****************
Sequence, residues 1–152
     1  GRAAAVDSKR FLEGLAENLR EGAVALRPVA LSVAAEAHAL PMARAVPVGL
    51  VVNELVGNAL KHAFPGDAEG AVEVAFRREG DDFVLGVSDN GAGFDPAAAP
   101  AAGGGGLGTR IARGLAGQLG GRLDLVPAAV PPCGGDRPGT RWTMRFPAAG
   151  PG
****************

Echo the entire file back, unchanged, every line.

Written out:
Sequence, residues 1–152
     1  GRAAAVDSKR FLEGLAENLR EGAVALRPVA LSVAAEAHAL PMARAVPVGL
    51  VVNELVGNAL KHAFPGDAEG AVEVAFRREG DDFVLGVSDN GAGFDPAAAP
   101  AAGGGGLGTR IARGLAGQLG GRLDLVPAAV PPCGGDRPGT RWTMRFPAAG
   151  PG